When your machine has multiple NUMA nodes it’s often useful to restrict a process to using just one for performance reasons. It’s sometimes hard to fully utilize multiple NUMA nodes and, if you get it wrong, it can cost in performance as the nodes need to keep their caches consistent and potentially access memory over a slower link than the memory that is closer to the node, these things can be relatively expensive.
We recently had an old client contact us with an unusual request. We last worked with VEXIS Systems Inc. back in 2010 when we extended the telephony server we’d built for them to support CLR hosting, using The Server Framework’s CLR Hosting Option. We then built a managed plugin system that integrated with the existing unmanaged system so that they could write their business logic in either unmanaged code or in a managed language such as C#.
I’ve always found testing multi-threaded code in C++ a humbling experience. It’s just so easy to make stupid mistakes and for those mistakes to lurk in code until the circumstances are just right for them to show themselves. This weekend a unit test that has run thousands of times for many years started to fail. The reason for the failure was a fairly obvious race condition in the test code. This issue had lain dormant and only been exposed by running the tests on my new development machine.
I’ve had a sick PC for several weeks now. It has cost me a surprising amount of time and thought. It started with my main work machine randomly hanging. This is Windows 11 with a Ryzen 9 5900X, and it has previously run faultlessly for two years or so. The hangs were, at first, annoying and I assumed that it was some driver that had been updated and was playing up, and initially I hoped that it would just fix itself with another update.
One of my long-term clients has hundreds of cloud machines running instances of their server, each server maintains thousands of reliable UDP connections using a custom protocol that we’ve developed over the years. When things go wrong it’s often hard to work out why. Even though we have reasonable unit test coverage of the code that runs the UDP protocol, it’s hard to build tests that cover every possible scenario.
The manual process around updating broken links is due to be replaced by a simple link checker that I’ve been writing in Rust. It’s not quite ready yet but it’s nearly there… I was updating a few broken links today and came across this from 2004; “Software development is about discipline and detail; code quality starts to decay as soon as developers forget this. All code decays, but tests can help to make this decay obvious earlier.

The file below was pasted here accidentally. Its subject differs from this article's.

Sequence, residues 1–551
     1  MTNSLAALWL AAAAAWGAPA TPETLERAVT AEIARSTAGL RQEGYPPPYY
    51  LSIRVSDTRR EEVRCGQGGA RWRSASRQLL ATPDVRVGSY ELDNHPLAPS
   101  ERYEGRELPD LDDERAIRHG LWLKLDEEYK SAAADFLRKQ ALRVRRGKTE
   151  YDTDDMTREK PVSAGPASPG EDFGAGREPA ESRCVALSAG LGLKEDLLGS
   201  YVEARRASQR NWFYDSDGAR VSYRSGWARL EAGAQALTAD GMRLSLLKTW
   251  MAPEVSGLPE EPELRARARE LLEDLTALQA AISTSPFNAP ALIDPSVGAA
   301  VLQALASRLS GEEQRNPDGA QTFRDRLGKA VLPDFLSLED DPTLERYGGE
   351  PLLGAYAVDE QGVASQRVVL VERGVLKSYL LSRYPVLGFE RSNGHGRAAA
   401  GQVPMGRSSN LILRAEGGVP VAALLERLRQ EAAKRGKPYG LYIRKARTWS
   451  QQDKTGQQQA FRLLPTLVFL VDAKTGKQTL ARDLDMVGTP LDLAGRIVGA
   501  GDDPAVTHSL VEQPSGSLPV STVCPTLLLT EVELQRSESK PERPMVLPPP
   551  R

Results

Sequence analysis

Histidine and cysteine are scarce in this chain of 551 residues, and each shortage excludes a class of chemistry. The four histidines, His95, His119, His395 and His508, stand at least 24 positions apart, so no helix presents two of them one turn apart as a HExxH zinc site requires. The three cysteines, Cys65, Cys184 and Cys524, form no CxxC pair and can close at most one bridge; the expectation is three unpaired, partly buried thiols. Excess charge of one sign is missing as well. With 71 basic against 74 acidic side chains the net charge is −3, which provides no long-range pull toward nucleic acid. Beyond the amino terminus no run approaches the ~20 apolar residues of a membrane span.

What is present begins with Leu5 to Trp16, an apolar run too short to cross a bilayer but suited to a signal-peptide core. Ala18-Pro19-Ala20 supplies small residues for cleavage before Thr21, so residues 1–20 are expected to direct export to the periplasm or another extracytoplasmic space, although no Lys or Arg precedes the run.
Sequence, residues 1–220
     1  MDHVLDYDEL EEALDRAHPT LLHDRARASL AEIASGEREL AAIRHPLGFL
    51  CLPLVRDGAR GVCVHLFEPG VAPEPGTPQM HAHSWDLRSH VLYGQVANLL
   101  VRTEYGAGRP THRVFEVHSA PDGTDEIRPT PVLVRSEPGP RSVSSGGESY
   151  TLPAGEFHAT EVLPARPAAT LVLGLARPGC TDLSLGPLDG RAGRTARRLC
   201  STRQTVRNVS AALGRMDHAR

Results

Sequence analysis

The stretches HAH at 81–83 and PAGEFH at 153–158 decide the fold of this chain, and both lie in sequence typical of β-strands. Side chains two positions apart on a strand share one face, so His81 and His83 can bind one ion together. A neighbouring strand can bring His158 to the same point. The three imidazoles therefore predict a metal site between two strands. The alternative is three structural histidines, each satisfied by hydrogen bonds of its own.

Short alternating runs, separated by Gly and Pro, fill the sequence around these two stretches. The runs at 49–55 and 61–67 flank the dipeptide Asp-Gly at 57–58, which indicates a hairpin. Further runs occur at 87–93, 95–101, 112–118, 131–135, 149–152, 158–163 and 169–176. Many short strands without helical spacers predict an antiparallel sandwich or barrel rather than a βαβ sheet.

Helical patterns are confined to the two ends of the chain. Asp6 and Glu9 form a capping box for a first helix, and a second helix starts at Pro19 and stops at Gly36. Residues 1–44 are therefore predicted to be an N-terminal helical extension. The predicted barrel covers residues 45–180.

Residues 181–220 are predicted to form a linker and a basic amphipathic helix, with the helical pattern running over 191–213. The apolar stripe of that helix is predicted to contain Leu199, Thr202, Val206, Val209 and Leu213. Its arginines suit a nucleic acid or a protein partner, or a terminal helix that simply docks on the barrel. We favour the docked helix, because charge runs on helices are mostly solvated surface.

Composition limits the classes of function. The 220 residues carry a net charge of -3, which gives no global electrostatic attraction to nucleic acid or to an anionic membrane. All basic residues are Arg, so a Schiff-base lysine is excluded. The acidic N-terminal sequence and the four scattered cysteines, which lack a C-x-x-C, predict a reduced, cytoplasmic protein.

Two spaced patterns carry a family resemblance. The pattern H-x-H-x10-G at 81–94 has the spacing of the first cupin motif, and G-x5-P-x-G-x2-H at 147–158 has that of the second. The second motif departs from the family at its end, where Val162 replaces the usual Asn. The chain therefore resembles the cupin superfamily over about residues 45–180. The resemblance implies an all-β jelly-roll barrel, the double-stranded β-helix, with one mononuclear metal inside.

This blog has been around a long time and the internet tends to rot. This means that quite a lot of the links on old posts are broken. I’m slowly fixing these broken links to use “The Wayback Machine” but it’s complicated to automate as the resulting URLs need to include a timestamp of a valid snapshot and can’t just include a ‘rough idea of the date’. So I’m fixing the broken links manually by watching the posts that are accessed the most and manually checking the links and fixing them up.
On the 3rd of May 2003 I posted the first entry on this blog. I then proceeded to “back fill” the blog with various things that had either been posted before in other places or had been laying around waiting for me to have somewhere to put them. This is why although the blog began in 2003 the archives go back to 1992. What I said on the 10th anniversary of this blog is still apt:
I’ve been investigating the ‘sparsely documented’ \Device\Afd interface that lies below the Winsock2 layer. Today I use a test driven method for understanding and documenting the API. TDU - Test Driven Understanding When trying to understand a new API I always like to end up with executable documentation in the form of tests that show the behaviour of the API. I write these tests in the same way that I write any tests; writing a test that fails and then adjusting so that it passes.
Yesterday I was bemoaning encapsulation and how it was hiding what was going on inside my objects (and quite right too, what good would it be otherwise?). The issue is that the object I was interested in, and each of the objects that formed it, were allocating more memory that expected. It wasn’t so much that the object was bigger than expected, just that there were more allocations than I expected and that for some reason destroying lots of these objects is taking longer than I would expect.